Archive for the ‘2011 NBA Playoffs’ Category

If this year’s Finals taught us anything, it’s that you shouldn’t leave your feet throw a pass. Especially if you’re Shawn Marion, because yikes. And you thought his jumper was ugly.

(via NBA Playbook)

On today’s show, Skeets and Tas congratulate Dirk Nowitzki and the Dallas Mavericks on winning their first NBA title. Topics include: The Dirkus Circus hurdling a scorer’s table at the buzzer, Jason Terry and that smokin’ Mavericks bench, two key turning points in Game 6, Shawn Marion’s unheralded play, Carlisle’s coaching decisions, LeBron’s piss-poor body language, sad Bosh, if Spoelstra will be back behind the Heat bench, why we need to chill a lil’ with Miami, missed free throws, Marc Anthony’s National Anthem, the skirmish, Steve Nash, and much, much more. And on behalf of the entire TBJ team, thanks for watching this season, guys.

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There’s a whole lot to like about this here vijoe. From the amount of Dallas fans who hung around after the game to say wassup to their title team to Dirk taking the time to bask in their applause on both of sides of the bus to the silly grin he has on his face the entire time, it’s all good, baby bay-bay.

But the best part, by far, is at the end when Dirk says, “We’re got going to the club? Why not?” Dude just wants to party and vibe out to some Kompakt Records electro. Maybe chill out to some Superpitcher or whatever.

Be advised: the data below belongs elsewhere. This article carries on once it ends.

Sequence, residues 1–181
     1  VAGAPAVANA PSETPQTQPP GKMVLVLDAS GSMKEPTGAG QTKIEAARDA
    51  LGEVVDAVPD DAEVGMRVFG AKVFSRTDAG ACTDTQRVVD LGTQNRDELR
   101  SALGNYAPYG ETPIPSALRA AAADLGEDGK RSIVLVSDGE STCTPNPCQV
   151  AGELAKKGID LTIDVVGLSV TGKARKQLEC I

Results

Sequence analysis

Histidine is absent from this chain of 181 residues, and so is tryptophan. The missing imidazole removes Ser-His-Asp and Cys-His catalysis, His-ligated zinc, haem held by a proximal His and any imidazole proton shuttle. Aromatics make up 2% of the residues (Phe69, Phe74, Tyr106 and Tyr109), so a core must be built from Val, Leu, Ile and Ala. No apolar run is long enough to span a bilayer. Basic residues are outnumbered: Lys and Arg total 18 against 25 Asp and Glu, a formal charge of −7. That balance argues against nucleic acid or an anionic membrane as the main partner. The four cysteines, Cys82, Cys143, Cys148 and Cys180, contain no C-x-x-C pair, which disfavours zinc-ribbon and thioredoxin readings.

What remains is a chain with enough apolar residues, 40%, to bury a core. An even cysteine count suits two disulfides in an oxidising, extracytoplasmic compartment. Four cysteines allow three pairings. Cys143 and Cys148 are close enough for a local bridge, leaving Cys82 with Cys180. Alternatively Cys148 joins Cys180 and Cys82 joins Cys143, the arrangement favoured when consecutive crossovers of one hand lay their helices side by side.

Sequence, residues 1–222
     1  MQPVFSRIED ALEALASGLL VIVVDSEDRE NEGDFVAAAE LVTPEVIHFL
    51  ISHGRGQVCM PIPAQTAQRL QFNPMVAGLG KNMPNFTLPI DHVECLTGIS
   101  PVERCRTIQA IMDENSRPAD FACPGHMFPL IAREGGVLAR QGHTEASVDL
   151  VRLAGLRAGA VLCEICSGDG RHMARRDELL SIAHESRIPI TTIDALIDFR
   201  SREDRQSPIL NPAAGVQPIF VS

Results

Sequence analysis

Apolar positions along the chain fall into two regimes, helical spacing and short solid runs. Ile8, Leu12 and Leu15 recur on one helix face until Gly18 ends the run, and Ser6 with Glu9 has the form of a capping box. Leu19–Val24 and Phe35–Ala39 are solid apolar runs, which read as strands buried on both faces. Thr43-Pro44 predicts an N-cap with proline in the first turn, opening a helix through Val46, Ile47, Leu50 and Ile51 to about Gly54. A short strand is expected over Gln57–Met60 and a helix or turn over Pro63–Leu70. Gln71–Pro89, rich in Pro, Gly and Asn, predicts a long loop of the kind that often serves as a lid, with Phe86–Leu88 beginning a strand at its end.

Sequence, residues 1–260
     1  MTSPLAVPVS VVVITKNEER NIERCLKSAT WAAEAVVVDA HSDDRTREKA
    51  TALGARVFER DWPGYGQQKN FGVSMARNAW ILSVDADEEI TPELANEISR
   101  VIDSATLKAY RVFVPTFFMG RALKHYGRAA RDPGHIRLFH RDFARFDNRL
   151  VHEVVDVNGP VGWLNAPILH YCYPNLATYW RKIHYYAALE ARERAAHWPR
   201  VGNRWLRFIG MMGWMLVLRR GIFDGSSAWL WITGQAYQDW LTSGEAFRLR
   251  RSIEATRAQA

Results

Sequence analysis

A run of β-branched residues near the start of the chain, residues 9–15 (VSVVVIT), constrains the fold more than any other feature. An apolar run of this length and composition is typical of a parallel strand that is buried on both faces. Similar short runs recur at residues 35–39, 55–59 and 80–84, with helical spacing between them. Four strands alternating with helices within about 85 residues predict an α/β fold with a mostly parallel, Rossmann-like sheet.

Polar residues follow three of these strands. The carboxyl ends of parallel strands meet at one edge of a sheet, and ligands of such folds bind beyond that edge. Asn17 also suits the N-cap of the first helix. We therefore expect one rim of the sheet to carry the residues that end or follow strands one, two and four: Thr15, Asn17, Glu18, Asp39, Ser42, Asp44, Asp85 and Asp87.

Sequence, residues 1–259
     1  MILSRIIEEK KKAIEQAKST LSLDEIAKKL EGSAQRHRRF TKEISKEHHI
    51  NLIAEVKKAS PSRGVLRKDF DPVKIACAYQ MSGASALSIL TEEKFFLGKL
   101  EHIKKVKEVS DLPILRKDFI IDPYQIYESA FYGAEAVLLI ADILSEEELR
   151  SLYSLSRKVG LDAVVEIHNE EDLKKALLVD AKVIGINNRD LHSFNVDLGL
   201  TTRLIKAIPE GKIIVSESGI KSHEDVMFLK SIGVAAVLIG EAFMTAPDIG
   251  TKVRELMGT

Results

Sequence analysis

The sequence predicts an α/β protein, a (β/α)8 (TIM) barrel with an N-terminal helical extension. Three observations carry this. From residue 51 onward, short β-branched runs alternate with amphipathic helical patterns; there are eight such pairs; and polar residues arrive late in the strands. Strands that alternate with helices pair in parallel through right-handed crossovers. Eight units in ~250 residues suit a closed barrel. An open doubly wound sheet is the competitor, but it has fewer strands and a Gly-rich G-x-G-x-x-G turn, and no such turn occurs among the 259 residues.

He got his wish.

Ha ha. Your dad and all his old guy friends go to the club in tucked-in dress shirts. Classic old guys moves.

(video via, photos via)

“I had to get a moment. I was crying a bit. I was a little emotional. … I actually didn’t want to come out for the trophy, but the guys talked me into it.” — Dirk Nowitzki, 2011 NBA Finals MVP

(video via)

Well, if “that’s the only way you can say it,” then that’s how you have to say it.

(via Ben Golliver)

Can’t blame him for this one.

When was the last time an NBA team that was considered as much of an underdog as the Dallas Mavericks won the championship? You could compare this to the Pistons conquering the seemingly unconquerable Lakers in 2004, but the Mavericks were even considered underdogs by many in their first-round series against the Blazers. They were doubted every step of the way, and none of their four series went beyond six games on the way to their first championship in 31 seasons of franchise history.

These fantastic Finals were the culmination of what pretty much everyone should agree was one of the most entertaining NBA playoffs we’ve ever witnessed. The drama was at a high level throughout the post-season, with none of the interesting storylines panning out the way most of us expected.

The key element to any great drama — whether it’s on the screen, the stage or the hardwood — is that there has to be a plot twist that seems surprising at the time but appears inevitable in retrospect. Aristotle called this “Peripeteia:  a change by which the action veers round to its opposite, subject always to our rule of probability or necessity.” Most of us are surely surprised that the Mavericks beat the Lakers, Thunder and Heat on their way to championship glory, but it’s clear in retrospect that we underestimated them.

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